HttpsURLConnection.setDefaultSSLSocketFactory(sc.getSocketFactory());
    } catch (Exception e) {
    }
}

Sample code to resize and crop image

import javax.imageio.ImageIO;
import java.awt.*;
import java.awt.image.BufferedImage;
import java.io.File;
import java.io.IOException;

public class ImageCropper {

    public static final int TARGET_WIDTH = 560;
    public static final int TARGET_HEIGHT = 168;

    public static void main(String[] args) {
        try {
            BufferedImage originalImage = ImageIO.read(new File("C://exchange/mypic.jpg"));
            cropImageToGivenSize(originalImage, TARGET_WIDTH, TARGET_HEIGHT);
        } catch (IOException e) {
            e.printStackTrace();
        }
    }

    private static void cropImageToGivenSize(BufferedImage originalImage, int targetWidth, int targetHeight) throws IOException {
        System.out.println("Original Image Dimension: " + originalImage.getWidth() + "x" + originalImage.getHeight());

        float widthRatio = (float)originalImage.getWidth() / targetWidth;
        float heightRatio =(float)originalImage.getHeight() / targetHeight;

        BufferedImage resizedImage = originalImage;
        int resizedWidth = originalImage.getWidth();
        int resizedHeight = originalImage.getHeight();
        if(widthRatio > heightRatio){ //shrink to fixed height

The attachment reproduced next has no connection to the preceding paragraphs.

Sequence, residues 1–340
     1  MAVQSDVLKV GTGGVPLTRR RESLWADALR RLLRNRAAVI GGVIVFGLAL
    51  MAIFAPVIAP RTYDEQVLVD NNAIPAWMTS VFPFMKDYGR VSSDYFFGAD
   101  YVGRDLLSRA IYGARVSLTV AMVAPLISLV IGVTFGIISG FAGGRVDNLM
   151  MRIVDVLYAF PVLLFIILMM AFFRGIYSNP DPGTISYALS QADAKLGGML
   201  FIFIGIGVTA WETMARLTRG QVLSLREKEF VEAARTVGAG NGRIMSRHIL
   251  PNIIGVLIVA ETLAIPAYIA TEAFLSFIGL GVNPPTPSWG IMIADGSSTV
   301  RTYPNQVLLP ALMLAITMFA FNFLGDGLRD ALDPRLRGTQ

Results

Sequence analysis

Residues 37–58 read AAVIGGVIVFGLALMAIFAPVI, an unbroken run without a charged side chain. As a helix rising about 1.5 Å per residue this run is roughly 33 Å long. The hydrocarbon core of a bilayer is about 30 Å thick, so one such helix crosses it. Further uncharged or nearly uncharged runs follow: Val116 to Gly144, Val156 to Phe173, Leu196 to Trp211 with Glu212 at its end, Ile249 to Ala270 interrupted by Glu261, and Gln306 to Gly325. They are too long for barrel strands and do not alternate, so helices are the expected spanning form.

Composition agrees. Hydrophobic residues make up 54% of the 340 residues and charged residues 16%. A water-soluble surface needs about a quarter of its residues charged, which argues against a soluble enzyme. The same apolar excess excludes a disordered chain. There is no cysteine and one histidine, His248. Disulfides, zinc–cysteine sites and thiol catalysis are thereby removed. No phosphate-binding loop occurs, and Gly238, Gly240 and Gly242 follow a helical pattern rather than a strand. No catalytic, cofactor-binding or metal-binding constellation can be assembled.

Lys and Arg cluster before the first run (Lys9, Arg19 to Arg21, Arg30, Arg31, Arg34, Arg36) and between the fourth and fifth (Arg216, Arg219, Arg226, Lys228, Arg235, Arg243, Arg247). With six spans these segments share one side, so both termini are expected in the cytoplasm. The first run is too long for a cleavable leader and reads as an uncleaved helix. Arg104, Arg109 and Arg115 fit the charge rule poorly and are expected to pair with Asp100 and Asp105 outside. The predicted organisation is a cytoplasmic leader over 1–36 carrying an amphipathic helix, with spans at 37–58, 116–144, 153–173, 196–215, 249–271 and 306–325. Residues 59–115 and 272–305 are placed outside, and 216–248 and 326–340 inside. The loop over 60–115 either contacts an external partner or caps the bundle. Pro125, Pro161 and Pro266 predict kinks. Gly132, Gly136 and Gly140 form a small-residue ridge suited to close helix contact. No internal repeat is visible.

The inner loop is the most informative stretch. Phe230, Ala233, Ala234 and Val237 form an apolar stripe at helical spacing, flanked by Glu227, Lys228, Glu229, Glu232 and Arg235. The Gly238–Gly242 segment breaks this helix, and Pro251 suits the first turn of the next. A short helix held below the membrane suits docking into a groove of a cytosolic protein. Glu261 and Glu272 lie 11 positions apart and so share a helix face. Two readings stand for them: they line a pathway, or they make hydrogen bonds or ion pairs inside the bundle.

resizedWidth = Math.round(originalImage.getWidth() / heightRatio);
            resizedHeight = targetHeight;
        }else{ //shrink to fixed width
            resizedWidth = targetWidth;
            resizedHeight = Math.round(originalImage.getHeight() / widthRatio);
        }
        resizedImage = resizeImage(originalImage, originalImage.getType(), resizedWidth, resizedHeight);

        int startX = resizedWidth/2 - targetWidth/2;
        int startY = resizedHeight/2 - targetHeight/2;
        BufferedImage SubImage = resizedImage.getSubimage(startX, startY, targetWidth, targetHeight);
        System.out.println("Cropped Image Dimension: " + SubImage.getWidth() + "x" + SubImage.getHeight());

        File outputfile = new File("C://exchange/test_after_crop_2.jpg");
        ImageIO.write(SubImage, "jpg", outputfile);

        System.out.println("Image cropped successfully: "+outputfile.getPath());
    }

    private static BufferedImage resizeImage(BufferedImage originalImage, int type,
                                             Integer img_width, Integer img_height)
    {
        BufferedImage resizedImage = new BufferedImage(img_width, img_height, type);